Strengthening Regional Cooperation on Nuclear Safety in the Asia-Pacific

| October 25, 2016

Dr Olli Heinonen, S. Rajaratnam Professor of Strategic Studies, on 25 October 2016, in a RSIS seminar at the Nanyang Technological University, Singapore.

The role of nuclear power in reducing greenhouse gas emissions is gaining wider recognition. With 441 reactors operating at the end of 2015, nuclear power is making a sizeable contribution to climate change mitigation by avoiding nearly 2 billion tonnes of carbon dioxide every year. The 21st Conference of the Parties to the United Nations Framework Convention on Climate Change (COP21)’s Paris Agreement neither identifies nor excludes any particular form of energy, recognizing states’ pejorative to decide on the mix of their energy portfolio. The Paris agreement concurrently supports energy use that combats climate change and its effects.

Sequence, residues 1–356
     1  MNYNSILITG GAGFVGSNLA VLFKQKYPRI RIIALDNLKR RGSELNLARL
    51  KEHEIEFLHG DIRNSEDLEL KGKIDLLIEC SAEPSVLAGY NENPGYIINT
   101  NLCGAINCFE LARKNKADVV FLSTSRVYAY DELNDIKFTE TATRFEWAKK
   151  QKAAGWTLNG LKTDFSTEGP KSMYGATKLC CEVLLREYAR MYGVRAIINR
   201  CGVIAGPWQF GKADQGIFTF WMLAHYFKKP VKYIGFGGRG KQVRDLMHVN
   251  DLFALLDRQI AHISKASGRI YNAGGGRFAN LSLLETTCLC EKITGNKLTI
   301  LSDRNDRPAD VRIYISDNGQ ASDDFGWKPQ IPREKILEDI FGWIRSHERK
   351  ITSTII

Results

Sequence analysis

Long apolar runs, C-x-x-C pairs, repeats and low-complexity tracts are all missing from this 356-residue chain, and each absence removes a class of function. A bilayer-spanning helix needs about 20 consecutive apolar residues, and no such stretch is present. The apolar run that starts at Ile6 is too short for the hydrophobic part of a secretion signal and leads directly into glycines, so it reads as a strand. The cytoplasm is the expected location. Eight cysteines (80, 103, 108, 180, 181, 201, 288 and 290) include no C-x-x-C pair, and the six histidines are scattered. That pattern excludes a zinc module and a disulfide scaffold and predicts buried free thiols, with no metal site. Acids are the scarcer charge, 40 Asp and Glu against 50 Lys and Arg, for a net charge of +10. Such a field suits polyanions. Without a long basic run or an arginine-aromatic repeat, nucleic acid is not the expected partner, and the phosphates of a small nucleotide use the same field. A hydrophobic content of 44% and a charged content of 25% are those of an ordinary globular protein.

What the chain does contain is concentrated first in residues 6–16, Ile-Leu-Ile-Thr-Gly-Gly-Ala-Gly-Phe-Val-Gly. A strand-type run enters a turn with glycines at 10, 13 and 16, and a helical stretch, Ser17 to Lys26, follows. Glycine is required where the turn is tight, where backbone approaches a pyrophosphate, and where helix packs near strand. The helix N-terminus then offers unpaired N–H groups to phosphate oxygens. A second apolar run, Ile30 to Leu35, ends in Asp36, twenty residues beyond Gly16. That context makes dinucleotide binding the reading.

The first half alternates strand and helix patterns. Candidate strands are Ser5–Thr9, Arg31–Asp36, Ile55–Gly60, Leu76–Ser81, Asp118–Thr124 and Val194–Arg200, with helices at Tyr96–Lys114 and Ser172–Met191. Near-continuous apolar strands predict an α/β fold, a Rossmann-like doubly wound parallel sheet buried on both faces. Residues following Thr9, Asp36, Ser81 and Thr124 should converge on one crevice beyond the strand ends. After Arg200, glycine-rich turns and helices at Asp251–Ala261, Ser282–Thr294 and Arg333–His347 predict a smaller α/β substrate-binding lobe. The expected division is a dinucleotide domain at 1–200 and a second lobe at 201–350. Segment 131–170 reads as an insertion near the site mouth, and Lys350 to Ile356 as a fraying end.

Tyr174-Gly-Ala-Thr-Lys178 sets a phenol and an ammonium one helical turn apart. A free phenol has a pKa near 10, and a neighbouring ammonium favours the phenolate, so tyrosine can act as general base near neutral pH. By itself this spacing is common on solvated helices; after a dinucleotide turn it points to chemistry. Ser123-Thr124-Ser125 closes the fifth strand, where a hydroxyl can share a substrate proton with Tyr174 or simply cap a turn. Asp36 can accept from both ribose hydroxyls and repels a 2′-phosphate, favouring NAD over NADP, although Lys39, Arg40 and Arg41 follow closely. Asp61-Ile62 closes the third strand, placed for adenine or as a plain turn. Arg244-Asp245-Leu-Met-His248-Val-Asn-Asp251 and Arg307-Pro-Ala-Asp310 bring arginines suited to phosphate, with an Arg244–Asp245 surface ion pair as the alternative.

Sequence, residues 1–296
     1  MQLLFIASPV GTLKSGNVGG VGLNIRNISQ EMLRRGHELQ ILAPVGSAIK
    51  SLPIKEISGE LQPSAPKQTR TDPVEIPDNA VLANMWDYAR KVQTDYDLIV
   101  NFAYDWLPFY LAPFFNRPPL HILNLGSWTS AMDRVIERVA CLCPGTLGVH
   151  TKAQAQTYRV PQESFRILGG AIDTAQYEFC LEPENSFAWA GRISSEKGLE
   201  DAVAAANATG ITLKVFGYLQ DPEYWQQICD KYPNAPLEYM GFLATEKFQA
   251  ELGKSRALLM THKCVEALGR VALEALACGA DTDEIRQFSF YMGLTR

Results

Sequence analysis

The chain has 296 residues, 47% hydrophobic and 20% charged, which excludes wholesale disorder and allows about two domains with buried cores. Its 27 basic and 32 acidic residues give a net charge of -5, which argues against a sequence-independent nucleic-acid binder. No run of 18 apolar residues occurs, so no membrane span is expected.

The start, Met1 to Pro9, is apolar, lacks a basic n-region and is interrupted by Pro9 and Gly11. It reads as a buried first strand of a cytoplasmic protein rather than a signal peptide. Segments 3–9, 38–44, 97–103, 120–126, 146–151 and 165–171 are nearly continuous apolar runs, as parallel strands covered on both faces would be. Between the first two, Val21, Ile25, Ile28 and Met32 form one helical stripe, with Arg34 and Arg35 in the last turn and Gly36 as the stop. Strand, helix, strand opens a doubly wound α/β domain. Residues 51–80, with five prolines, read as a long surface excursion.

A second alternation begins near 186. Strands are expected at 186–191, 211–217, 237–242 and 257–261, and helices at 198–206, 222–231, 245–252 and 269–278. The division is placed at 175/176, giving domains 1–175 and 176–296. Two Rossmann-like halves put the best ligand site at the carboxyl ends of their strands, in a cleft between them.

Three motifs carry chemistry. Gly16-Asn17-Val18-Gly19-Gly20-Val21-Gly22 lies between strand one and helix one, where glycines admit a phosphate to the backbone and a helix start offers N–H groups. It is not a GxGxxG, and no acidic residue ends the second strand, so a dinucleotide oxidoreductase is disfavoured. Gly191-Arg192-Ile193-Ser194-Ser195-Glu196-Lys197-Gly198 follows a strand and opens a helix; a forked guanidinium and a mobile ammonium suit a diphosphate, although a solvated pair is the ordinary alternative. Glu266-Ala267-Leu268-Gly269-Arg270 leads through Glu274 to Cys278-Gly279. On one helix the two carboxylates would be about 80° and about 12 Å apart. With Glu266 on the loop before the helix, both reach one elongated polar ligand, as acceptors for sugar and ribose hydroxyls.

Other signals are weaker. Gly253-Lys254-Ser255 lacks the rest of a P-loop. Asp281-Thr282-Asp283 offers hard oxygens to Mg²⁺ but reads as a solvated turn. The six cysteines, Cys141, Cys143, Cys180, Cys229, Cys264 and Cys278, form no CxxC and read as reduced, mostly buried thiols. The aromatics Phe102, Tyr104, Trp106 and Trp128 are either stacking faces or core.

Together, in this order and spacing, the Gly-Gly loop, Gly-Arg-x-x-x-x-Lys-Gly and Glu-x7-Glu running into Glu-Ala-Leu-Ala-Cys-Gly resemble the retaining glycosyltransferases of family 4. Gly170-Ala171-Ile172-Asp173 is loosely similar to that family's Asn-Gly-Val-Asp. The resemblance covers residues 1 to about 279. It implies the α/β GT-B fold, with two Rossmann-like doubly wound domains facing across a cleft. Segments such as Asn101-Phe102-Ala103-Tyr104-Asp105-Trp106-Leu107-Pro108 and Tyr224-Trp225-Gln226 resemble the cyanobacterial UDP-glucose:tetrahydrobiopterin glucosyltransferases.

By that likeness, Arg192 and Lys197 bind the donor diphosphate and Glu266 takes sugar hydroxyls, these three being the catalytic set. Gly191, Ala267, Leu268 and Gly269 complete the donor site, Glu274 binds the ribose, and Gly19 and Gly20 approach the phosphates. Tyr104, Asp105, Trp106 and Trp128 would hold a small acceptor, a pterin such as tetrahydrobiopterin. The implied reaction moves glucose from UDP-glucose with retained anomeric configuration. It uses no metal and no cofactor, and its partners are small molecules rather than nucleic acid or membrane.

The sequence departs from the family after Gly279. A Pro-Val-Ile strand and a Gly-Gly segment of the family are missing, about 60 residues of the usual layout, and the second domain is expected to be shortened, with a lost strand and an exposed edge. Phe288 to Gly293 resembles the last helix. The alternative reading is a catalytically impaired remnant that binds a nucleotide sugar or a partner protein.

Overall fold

According to IAEA projections for 2030, global nuclear energy capacity, which takes into account retirements of older nuclear plants, will grow about 2% in the low case and about 70% in the high case. The pivot of this growth is in Asia. Of the 68 reactors under construction at the end of 2015, 45 were in Asia, as were 39 of the 45 reactors that were connected to the electric grid since 2005.

To view full text, please see PDF below.

For more information on this publication: Please contact Managing the Atom
For Academic Citation: Heinonen, Olli. “Strengthening Regional Cooperation on Nuclear Safety in the Asia-Pacific.” Presentation, October 25, 2016. (presented at RSIS seminar at the Nanyang Technological University, Singapore).

The Author